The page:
“Eventually, I was taken to the welfare office where I met a doctor and counsellor. The doctor prescribed methadone to me and it was able to reduce the withdrawal symptoms and help me cope. Thereby living a semblance of normality.” He said.

Methadone stays active in the body much longer than heroin, with its effects lasting around 24 hours and peaking 4 to 8 hours after administration. Consequently, only a single daily dose is required, helping individuals maintain stability and make positive life changes. Methadone use also diminishes risky behaviours such as injecting drugs and is significantly more affordable than purchasing heroin or other illicit opioids.

Treatment with methadone can be long-term, lasting months or years to mitigate the dangers of illicit drug use, or short-term, spanning two weeks or less to facilitate safe withdrawal from heroin. Typically consumed as a syrup, methadone is also available in injectable and tablet forms, with the latter being more common for pain relief prescriptions.

Treatment with methadone can be long-term, lasting months or years

However, in the case of Omari, he never went on with his treatment once he came out of prison. Instead, he resorted back to abusing heroin. This can mostly be attributed to a lack of support and professional follow-up by the relevant authorities to ensure addicts in the program do not drop out even after a change of circumstances like in the case of Omari. His pharmacotherapy ended when he left prison.

The common pharmacotherapy is Methadone and Suboxone treatments. Methadone and buprenorphine maintenance treatments offer several benefits for individuals dependent on heroin. These treatments significantly reduce the risk of contracting blood-borne viruses like hepatitis and HIV, along with other health hazards linked to injecting drugs. They also lower the likelihood of overdose.

You must consult a doctor authorized to prescribe opioid pharmacotherapy treatment and attend regular check-ups [Photo Courtesy Jamii Forums]

Unlike illicit drugs, methadone and buprenorphine are produced under stringent controls, ensuring consistent strength and the absence of harmful fillers. While heroin’s effects are short-lived, lasting only a few hours, these pharmacotherapy treatments can stabilize a person for 24 hours or more, especially with long-acting injectable buprenorphine.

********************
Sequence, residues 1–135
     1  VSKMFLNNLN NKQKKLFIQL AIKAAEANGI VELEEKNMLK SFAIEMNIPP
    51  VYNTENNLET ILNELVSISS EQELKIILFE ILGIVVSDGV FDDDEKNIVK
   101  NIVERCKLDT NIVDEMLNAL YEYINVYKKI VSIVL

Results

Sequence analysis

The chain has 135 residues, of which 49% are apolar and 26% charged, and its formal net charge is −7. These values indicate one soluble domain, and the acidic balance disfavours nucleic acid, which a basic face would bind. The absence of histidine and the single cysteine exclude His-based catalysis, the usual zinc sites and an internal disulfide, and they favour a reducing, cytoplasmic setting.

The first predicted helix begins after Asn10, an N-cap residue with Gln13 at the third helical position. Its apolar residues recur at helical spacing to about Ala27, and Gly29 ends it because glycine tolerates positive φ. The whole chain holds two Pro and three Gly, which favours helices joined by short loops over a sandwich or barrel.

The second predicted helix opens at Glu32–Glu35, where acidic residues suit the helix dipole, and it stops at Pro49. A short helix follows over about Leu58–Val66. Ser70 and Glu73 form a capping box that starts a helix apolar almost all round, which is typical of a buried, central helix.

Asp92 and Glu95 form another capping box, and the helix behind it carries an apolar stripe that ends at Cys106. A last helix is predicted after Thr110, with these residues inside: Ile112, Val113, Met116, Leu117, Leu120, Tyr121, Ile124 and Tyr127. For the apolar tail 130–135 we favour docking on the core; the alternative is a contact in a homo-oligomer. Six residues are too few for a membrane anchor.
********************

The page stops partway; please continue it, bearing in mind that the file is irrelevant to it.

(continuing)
This stabilization alleviates the constant worry about sourcing heroin, reducing anxiety and allowing individuals to focus on self-care, including improving their health, nutrition, relationships, and employment status. Additionally, these treatments are more cost-effective than heroin, freeing up financial resources for other needs.

Across the coastal region, there are several centers of treatment from which individuals can seek help with addiction. These centres include Mewa Drop-in Centre in Mla Leo, Taita Taveta Christian Treatment & Rehabilitation Centre, Teens Watch Centre in Kwale, Eden House in Likoni, Reach Out Drug Treatment Centre in Mombasa, Reach Out Drop-in Centre in Mombasa, Kenya Red Cross Society Lamu Rehabilitation Center in Lamu, Amescosa Treatment and Rehabilitation Centre (Female Treatment Program) in Kilifi, New Leaf Centre in Lamu, and RiMa Serene Medical Centre in Mombasa.

To participate in the program, you must consult a doctor authorized to prescribe opioid pharmacotherapy treatment and attend regular check-ups where your dose will be monitored, and urine tests for methadone and other drugs may be conducted.

You need to visit your local pharmacist or dispenser daily for your dose, although those on long-acting buprenorphine only need to attend weekly or monthly. It may take a few weeks to determine your correct dose. Additionally, while seeing a counselor might be optional, research indicates that engaging in comprehensive treatment, including counseling, significantly enhances the likelihood of success in pharmacotherapy treatment.